Testing OSSEC rules

When you are troubleshooting OSSEC or trying to write new rules/decoders, the first problem most people have is how to test them. In the past, it would require manually restarting or creating a testing installation for it, but as from the latest CVS snapshot, we built a tool to simplify this task (ossec-testrule).

First, grab the latest CVS snapshot and compile it (it will be included on v1.6 and above):

# wget http://www.ossec.net/files/snapshots/ossec-hids-080704.tar.gz
# tar -zxvf ossec-hids-080704.tar.gz
# cd ossec-hids-080704/src/
# make clean
# make libs
# cd analysisd
# make logtest

The tool ossec-logtest will be created on the current directory and we can start using it. The way it works is that it will read the current rules/decoder (from /var/ossec ) and accept any log from stdin:

# ./ossec-logtest
2008/07/04 09:57:28 ossec-testrule: INFO: Started (pid: 12683).
ossec-testrule: Type one log per line.

Jul 4 09:42:16 enigma sshd[11990]: Accepted password for dcid from 192.168.2.10 port 35259 ssh2

**Phase 1: Completed pre-decoding.
full event: ‘Jul 4 09:42:16 enigma sshd[11990]: Accepted password for dcid from 192.168.2.10 port 35259 ssh2′
hostname: ‘enigma’
program_name: ‘sshd’
log: ‘Accepted password for dcid from 192.168.2.10 port 35259 ssh2′

**Phase 2: Completed decoding.
decoder: ‘sshd’
dstuser: ‘dcid’
srcip: ’192.168.2.10′

**Phase 3: Completed filtering (rules).
Rule id: ’10100′
Level: ’4′
Description: ‘First time user logged in.’
**Alert to be generated.

So, in the above example, we provided an authentication success log and ossec-testrule showed us how it would be decoded, what information was extracted and which rule fired. In the next example, we can see how it would extract a user logoff message from Windows:

WinEvtLog: Security: AUDIT_SUCCESS(538): Security: lac: OSSEC-HM: OSSEC-HM: User Logoff: User Name: lac Domain: OSSEC-HM Logon ID: (0×0,0xF784D5) Logon Type: 2

**Phase 1: Completed pre-decoding.
full event: ‘WinEvtLog: Security: AUDIT_SUCCESS(538): Security: lac: OSSEC-HM: OSSEC-HM: User Logoff: User Name: lac Domain: OSSEC-HM Logon ID: (0×0,0xF784D5) Logon Type: 2′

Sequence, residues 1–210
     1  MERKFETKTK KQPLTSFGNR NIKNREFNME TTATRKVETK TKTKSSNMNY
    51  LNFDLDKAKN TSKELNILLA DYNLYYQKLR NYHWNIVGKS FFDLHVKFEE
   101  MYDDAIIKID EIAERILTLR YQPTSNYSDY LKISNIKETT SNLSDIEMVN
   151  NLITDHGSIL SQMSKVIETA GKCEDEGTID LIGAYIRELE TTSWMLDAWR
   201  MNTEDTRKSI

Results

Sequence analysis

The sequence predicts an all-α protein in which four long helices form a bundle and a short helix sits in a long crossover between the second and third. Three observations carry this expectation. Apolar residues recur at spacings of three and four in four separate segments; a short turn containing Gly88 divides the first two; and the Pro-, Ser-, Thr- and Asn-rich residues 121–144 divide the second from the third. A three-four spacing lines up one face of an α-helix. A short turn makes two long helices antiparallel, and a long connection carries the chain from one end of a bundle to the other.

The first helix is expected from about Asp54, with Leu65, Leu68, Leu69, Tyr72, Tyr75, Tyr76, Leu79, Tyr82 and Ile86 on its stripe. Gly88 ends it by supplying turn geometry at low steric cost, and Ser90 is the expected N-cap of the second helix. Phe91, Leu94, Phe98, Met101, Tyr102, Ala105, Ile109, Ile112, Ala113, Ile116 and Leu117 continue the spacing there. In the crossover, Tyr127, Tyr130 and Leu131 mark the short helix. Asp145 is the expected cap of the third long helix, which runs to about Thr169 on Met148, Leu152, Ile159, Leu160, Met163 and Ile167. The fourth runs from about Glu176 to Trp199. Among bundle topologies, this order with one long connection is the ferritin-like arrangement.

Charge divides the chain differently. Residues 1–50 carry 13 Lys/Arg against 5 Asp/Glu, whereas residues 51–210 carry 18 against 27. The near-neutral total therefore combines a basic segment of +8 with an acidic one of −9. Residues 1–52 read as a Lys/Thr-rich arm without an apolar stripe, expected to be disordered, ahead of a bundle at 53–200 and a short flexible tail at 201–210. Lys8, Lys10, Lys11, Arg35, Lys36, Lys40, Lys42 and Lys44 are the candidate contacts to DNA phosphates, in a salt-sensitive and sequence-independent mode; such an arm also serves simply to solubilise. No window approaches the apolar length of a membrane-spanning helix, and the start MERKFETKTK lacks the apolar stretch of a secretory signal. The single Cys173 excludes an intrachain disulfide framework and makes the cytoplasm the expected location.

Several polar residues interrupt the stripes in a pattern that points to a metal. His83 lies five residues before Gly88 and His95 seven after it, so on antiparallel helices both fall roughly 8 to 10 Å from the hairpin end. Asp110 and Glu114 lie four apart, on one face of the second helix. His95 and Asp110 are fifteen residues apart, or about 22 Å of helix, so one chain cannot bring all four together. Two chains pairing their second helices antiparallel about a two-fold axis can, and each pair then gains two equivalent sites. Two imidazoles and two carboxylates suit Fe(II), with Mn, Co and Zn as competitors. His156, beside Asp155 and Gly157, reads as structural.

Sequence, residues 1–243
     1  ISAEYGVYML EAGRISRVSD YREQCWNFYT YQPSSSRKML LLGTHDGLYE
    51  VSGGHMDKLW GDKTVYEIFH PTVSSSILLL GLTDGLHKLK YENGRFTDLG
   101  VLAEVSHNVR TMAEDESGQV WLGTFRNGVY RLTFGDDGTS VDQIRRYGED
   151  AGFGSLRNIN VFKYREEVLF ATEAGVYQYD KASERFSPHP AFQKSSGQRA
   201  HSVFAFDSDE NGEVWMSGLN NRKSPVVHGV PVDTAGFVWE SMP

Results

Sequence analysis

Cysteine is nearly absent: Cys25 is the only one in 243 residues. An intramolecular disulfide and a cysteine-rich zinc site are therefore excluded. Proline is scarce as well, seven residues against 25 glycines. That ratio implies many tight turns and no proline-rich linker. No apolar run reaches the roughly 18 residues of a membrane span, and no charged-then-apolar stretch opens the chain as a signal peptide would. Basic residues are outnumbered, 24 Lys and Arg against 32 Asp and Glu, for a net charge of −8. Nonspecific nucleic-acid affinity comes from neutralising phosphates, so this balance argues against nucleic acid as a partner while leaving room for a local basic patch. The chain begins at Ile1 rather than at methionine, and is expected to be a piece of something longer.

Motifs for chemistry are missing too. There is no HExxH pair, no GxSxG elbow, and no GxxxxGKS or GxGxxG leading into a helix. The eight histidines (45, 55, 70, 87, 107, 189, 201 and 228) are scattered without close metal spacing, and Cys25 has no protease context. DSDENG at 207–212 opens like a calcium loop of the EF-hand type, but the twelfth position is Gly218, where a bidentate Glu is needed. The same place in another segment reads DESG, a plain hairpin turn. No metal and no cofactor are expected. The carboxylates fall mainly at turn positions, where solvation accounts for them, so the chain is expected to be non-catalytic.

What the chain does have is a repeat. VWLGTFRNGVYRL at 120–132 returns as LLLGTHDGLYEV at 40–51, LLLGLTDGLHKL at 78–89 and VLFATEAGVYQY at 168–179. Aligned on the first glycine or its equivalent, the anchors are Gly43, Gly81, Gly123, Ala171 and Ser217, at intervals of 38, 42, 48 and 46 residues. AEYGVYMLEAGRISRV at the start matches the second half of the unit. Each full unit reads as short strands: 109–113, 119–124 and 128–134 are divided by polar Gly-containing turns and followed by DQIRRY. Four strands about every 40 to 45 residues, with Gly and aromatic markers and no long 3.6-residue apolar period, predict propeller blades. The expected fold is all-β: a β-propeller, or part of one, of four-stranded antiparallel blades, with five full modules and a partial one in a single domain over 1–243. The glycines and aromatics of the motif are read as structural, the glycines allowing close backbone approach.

hostname: ‘enigma’
program_name: ‘(null)’
log: ‘WinEvtLog: Security: AUDIT_SUCCESS(538): Security: lac: OSSEC-HM: OSSEC-HM: User Logoff: User Name: lac Domain: OSSEC-HM Logon ID: (0×0,0xF784D5) Logon Type: 2′

**Phase 2: Completed decoding.
decoder: ‘windows’
status: ‘AUDIT_SUCCESS’
id: ’538′
extra_data: ‘Security’
dstuser: ‘lac’
system_name: ‘OSSEC-HM’

**Phase 3: Completed filtering (rules).
Rule id: ’18149′
Level: ’3′
Description: ‘Windows User Logoff.’
**Alert to be generated.

In addition to this information, you can run ossec-testrule with the -f flag to get full information on the rule path that the log is following:

# ./ossec-logtest -f
2008/07/04 10:05:43 ossec-testrule: INFO: Started (pid: 23007).
ossec-testrule: Type one log per line.

Jul 4 10:05:30 enigma sshd[27588]: Failed password for invalid user test2 from 127.0.0.1 port 19130 ssh2

**Phase 1: Completed pre-decoding.
full event: ‘Jul 4 10:05:30 enigma sshd[27588]: Failed password for invalid user test2 from 127.0.0.1 port 19130 ssh2′
hostname: ‘enigma’
program_name: ‘sshd’
log: ‘Failed password for invalid user test2 from 127.0.0.1 port 19130 ssh2′

**Phase 2: Completed decoding.
decoder: ‘sshd’
srcip: ’127.0.0.1′

**Rule debugging:
Trying rule: 1 – Generic template for all syslog rules.
*Rule 1 matched.
*Trying child rules.
Trying rule: 5500 – Grouping of the pam_unix rules.
Trying rule: 5700 – SSHD messages grouped.
*Rule 5700 matched.
*Trying child rules.
Trying rule: 5709 – Useless SSHD message without an user/ip.
Trying rule: 5711 – Useless SSHD message without a user/ip.
Trying rule: 5707 – OpenSSH challenge-response exploit.
Trying rule: 5701 – Possible attack on the ssh server (or version gathering).
Trying rule: 5706 – SSH insecure connection attempt (scan).
Trying rule: 5713 – Corrupted bytes on SSHD.
Trying rule: 5702 – Reverse lookup error (bad ISP or attack).
Trying rule: 5710 – Attempt to login using a non-existent user
*Rule 5710 matched.
*Trying child rules.
Trying rule: 5712 – SSHD brute force trying to get access to the system.

**Phase 3: Completed filtering (rules).
Rule id: ’5710′
Level: ’5′
Description: ‘Attempt to login using a non-existent user’
**Alert to be generated.

As you can see, it show us all the rules that were tried and if it matched or not.

Hope this little tool can be helpful. Feedback is welcome, as always.

This entry was posted in ossec, v16. Bookmark the permalink.

4 Responses to Testing OSSEC rules

  1. Brownoxford says:

    This is an awesome tool!

  2. JM says:

    Great tool. :-) How about an option to specify a different rule/decoder directory?

  3. Rick McClinton says:

    Note that ossec-testrule does not list the ‘-f’ flag in its help output, but it still works.

  4. Joe says:

    I haven’t tried it out, but I can tell this was what I’ve been missing. Before I created rules I had to guess as to how OSSEC was viewing the decoders/rules and what the problem could be. I gave up in frustration, but I’m going to try again with logtest. Thanks!

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